July 27, 2012 (Breakpoint.org) - The more I pay attention to our culture, the more I wonder if C. S. Lewis owned a crystal ball. Many of the works of this Oxford don who died almost fifty years ago seem more accurate today than when he wrote them. And this is especially true of “The Screwtape Letters.”

In an especially prophetic chapter, Uncle Screwtape explains to his demon nephew Hell’s strategy for using imagery to derail human sexuality:
“We have engineered a great increase in…the apparent nude (not the real nude)… It is all a fake, of course; the figures in the popular art are falsely drawn; the real women in bathing suits or tights are actually pinched in and propped up to make them appear firmer and more slender than nature allows a full-grown woman to be. As a result we are more and more directing the desires of men to something which does not exist.”

If there’s a more perfect summary of how our culture views women, I haven’t found it. These images women have to compete with are always the same: flawless, impossibly slim and well-endowed. This standard is crushing for women because it’s not based in reality. Women are being compared to women who don’t actually exist.

And that’s where the real damage happens — and not only to young women, but to men. As Timothy Dalrymple argues in a recent blog post at Patheos.com, pornography is devastating the next generation’s sexuality not only because it’s addictive, but because it’s wildly inaccurate. Just like Screwtape, porn directs young men’s desires toward things and people that don’t really exist. It alters guys’ expectations of women. Where nature offers real women, porn offers edited actresses.  Where God creates daughters in His image, porn creates fantasies in our image — free pleasure without any requirements.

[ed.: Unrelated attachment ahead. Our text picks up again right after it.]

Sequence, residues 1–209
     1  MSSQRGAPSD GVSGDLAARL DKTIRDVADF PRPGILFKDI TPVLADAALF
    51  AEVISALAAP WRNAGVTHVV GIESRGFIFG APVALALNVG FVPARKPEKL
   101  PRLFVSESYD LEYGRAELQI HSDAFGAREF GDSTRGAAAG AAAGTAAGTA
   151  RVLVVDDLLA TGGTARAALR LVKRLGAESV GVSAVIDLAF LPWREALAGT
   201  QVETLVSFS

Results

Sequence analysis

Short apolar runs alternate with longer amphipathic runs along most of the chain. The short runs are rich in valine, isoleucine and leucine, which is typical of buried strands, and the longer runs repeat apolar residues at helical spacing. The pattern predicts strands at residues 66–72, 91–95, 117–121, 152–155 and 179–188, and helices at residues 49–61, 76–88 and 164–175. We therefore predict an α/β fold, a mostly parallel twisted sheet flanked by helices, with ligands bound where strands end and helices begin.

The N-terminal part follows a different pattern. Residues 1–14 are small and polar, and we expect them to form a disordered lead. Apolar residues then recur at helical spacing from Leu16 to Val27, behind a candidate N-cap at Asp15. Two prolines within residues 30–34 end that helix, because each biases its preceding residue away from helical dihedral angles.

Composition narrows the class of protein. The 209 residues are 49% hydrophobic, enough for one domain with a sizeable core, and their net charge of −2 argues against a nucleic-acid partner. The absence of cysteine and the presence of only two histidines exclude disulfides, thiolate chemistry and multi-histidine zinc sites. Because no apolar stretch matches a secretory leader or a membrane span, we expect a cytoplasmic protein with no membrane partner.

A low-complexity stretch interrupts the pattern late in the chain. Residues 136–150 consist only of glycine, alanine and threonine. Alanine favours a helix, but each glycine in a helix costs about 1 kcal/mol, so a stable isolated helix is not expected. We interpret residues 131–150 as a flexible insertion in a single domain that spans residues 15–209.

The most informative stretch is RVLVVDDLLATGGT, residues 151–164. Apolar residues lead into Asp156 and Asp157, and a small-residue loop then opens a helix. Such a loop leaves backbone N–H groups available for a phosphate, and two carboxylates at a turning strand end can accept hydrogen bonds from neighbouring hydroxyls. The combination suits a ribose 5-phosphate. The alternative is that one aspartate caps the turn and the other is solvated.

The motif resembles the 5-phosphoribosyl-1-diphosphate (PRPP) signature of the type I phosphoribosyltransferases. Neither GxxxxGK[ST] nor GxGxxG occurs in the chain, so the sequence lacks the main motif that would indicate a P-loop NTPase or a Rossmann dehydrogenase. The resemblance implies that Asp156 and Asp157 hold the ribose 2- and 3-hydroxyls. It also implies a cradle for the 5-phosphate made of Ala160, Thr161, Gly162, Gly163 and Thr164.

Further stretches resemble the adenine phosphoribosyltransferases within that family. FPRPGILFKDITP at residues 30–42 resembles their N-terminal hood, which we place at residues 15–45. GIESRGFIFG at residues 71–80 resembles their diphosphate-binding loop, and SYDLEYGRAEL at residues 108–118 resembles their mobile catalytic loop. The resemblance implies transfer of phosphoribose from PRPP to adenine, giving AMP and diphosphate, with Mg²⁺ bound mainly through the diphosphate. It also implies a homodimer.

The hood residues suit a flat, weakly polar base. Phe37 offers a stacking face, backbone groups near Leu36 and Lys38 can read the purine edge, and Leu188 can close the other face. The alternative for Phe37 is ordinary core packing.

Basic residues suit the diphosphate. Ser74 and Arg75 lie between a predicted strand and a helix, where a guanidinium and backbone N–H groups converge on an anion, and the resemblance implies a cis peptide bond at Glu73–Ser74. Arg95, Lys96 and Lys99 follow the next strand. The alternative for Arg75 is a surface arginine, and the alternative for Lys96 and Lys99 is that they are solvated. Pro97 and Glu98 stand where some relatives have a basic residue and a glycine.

Meanwhile under all that paint, porn stars are still broken, little girls. “Someone rocked them to sleep,” writes Dalrymple. “Someone comforted them when they were afraid of the monster or the spider or the thunder. They have histories, dreams, they have souls.”

Mark Regnerus makes this even clearer in a groundbreaking piece from last year in “Slate” magazine. In it, he describes today’s “sexual economics” where the availability of fake women who look perfect and are interested only in sex has created a sort of market competition that distorts both genders’ ideas of what real women are actually like. In order to live up, many women start to act like their fake competitors. Meanwhile, men, says Regnerus, are only too happy to oblige. Thus, the vicious cycle of illusion keeps producing more brokenness.

So how do we break this cycle?

Well, for starters, we could imitate Julia Bluhm. Julia, a 14-year-old ballet dancer from Waterville, Maine, recently started a campaign that’s already changing the way her generation views women. Partnering with media activist organization SPARK Summit, Julia started a petition to “Seventeen” magazine to drop the heavily-doctored images of young women, and instead use real photographs. “Seventeen” agreed, and now, thanks to Julia and the 84,000 signees who joined her effort, the nation’s most influential teen magazine is promoting true beauty, without the airbrush.

We can learn volumes from Julia’s victory in our culture’s very real “war on women.” She’s making a difference because she rejects the illusions — and we’ve got to do the same.

Reprinted with permission from Breakpoint.org